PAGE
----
Dos Toros is a Mission-style taqueria started in New York by a couple of guys from the Bay Area. There are several locations around the city and it’s quite popular. This LaGuardia Airport restaurant is equally a large draw for full-flavored burritos, quesadillas, and tacos. Located after security on level 4.
An outpost of the longtime and beloved East Village wine bar, Veloce serves sandwiches, Caesar salads, and other quick snacks. Plus, plenty of wine, of course. Located past security near gate 24.
LaGuardia Airport Restaurants – Terminal C
Perhaps Brooklyn’s best ramen joint, Chuko has fired up its ramen broth boilers in Terminal C. Now travelers can cozy up to the bar here and slurp Japanese noodles until it’s time to board their flights. Located past security near gate E74.
Famed Italian-leaning chef Michael White helped create a menu of Italian staples, salads, and chicken sandwiches at Cotto. The pizzas here are the standout—everything from meatball-topped pies to breakfast-themed pizzas. Located past security near gate C39.
Insider’s Tip: In NYC for longer than a layover? Check out our guide to the best restaurants in Little Italy.
The big name behind this burger joint is meat maven Pat LaFrieda. The burgers are on the small side, but travelers with a yen for meat between a bun will be satisfied here. There are also chicken sandwiches. Located after security near gate C28.
Located in the former Terminal D that is now merging with C, H&H is an iconic bagel shop that was founded in Manhattan in 1972. Now travelers can take one last bite of the Big Apple before leaving the city, making H&H one of the best LaGuardia Airport restaurants. Located after security near gate D92.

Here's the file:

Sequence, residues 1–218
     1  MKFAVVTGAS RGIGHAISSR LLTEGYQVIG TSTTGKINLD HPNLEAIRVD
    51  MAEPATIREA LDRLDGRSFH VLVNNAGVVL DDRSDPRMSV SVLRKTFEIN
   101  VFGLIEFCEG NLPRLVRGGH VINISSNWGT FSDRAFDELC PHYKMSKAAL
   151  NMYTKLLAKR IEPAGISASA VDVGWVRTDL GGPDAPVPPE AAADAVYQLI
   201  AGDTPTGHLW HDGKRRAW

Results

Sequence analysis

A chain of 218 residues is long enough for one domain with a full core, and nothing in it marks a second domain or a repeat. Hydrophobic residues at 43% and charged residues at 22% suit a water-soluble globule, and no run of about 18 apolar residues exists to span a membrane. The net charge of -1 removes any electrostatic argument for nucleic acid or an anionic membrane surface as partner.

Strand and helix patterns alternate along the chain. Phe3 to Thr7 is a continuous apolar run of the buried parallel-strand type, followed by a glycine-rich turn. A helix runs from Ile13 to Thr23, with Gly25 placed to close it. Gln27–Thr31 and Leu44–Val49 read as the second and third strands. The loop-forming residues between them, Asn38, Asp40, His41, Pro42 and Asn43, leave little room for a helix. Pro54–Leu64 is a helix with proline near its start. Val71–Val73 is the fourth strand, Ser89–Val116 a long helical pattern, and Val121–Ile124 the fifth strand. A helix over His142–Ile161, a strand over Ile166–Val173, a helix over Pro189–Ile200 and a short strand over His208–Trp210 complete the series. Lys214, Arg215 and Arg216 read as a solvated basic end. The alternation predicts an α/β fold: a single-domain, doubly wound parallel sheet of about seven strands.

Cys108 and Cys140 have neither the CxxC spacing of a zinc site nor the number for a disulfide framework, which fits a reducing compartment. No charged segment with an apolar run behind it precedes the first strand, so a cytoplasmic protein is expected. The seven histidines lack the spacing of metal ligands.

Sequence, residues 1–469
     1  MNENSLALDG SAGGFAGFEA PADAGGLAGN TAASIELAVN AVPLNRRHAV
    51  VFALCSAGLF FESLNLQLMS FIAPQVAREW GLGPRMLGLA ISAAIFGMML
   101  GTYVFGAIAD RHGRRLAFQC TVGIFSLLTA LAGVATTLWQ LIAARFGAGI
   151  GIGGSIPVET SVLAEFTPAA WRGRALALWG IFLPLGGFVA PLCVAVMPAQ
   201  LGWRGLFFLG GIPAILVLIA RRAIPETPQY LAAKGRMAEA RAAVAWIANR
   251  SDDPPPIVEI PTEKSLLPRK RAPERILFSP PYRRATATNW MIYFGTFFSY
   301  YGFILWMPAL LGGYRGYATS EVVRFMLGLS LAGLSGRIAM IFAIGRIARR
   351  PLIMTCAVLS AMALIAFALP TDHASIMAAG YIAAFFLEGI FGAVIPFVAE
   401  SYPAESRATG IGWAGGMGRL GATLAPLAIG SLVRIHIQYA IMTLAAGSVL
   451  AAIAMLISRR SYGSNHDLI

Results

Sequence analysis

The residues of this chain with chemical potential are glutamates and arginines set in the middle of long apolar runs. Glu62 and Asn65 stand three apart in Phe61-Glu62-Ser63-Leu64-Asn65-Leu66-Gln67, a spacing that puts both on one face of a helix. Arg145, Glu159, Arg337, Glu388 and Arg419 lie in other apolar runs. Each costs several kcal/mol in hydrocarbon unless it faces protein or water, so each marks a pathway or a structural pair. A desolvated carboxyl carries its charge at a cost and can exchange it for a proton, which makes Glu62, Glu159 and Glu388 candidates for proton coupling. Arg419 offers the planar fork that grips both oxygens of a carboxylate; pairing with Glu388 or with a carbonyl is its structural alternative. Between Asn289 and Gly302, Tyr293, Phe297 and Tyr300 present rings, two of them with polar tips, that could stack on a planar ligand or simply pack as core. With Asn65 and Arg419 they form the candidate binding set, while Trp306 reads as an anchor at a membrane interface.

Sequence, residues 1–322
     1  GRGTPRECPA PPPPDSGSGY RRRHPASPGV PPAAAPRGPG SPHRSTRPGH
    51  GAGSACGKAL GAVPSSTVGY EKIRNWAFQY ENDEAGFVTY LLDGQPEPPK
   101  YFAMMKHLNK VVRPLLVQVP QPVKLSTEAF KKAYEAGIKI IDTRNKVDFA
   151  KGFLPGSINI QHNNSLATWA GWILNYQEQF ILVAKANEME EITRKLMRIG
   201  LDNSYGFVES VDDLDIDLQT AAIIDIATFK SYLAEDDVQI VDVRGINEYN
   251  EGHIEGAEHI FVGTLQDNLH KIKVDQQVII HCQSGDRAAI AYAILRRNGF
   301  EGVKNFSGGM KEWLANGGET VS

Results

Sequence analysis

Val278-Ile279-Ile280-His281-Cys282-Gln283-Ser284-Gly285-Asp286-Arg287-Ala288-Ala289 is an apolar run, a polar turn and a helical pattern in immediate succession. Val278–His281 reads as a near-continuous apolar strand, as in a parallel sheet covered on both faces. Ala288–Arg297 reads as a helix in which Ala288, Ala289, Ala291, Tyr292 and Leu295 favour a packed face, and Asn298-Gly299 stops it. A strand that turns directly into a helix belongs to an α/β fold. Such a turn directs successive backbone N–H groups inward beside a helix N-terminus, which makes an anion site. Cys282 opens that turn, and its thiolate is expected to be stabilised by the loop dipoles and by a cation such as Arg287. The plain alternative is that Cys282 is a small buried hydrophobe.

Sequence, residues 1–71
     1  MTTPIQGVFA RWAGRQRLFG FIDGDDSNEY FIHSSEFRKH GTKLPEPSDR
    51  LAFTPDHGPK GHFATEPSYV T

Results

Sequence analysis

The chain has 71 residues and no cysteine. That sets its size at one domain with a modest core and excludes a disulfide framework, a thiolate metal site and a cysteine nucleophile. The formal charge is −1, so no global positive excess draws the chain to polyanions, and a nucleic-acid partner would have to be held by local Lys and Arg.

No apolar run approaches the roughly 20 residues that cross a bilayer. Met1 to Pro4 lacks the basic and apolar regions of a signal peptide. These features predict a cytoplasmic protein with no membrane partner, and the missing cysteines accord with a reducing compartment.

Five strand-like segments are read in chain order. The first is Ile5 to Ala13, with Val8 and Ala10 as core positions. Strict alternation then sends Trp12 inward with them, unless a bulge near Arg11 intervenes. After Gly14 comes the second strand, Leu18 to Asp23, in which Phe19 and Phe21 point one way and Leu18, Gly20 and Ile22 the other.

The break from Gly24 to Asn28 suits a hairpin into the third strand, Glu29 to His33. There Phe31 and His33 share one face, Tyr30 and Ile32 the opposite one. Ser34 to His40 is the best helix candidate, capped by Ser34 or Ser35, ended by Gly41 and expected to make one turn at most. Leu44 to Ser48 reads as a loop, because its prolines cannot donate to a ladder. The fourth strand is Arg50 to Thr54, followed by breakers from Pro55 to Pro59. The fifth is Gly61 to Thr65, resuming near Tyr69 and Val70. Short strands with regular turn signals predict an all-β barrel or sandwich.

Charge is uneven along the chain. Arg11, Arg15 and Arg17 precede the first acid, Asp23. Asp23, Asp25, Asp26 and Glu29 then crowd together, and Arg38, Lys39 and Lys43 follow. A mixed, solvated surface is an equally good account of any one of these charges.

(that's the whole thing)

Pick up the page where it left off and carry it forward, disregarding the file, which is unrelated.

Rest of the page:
The iconic Tribeca restaurant has set up shop as one of the LaGuardia Airport restaurants, serving up its classic American food. Think: diner fare but much better. Located after security at gate E76.
It’s not a garden and not particularly German, but Biergarten has 20 beers on tap (plus a full bar of other booze options) and a menu of classic pub grub, like pizza, burgers, chicken wings, and some pan-Asian options too. Located past security at gate C28.
Sunday Supper Trattoria
Stylish and sleek, Sunday Supper has a menu loaded with Italian classics, including variations on the theme of pasta. One of the best LaGuardia Airport restaurants, this is an ideal place to linger during a long flight delay. Located near gate 72.
Mark Iocono is the pizzaiolo behind Rossi. He runs the show at Lucali, Brooklyn’s best pizzeria and one of the most difficult tables to get in the city. If you have a hankering for pizza, this is the place to park yourself for a pre-flight nosh. Located after security near gate D92.
Insider’s Tip: Need to drop your suitcase for the day? Check out our article on luggage storage in NYC.
David Farley is a West Village-based food and travel writer whose work appears regularly in the New York Times, National Geographic, BBC, and Food & Wine, among other publications. He’s the author of three books, including “An Irreverent Curiosity: In Search of the Church’s Strangest Relic in Italy’s Oddest Town,” which was made into a documentary by the National Geographic Channel. You can find Farley’s online homes here and here.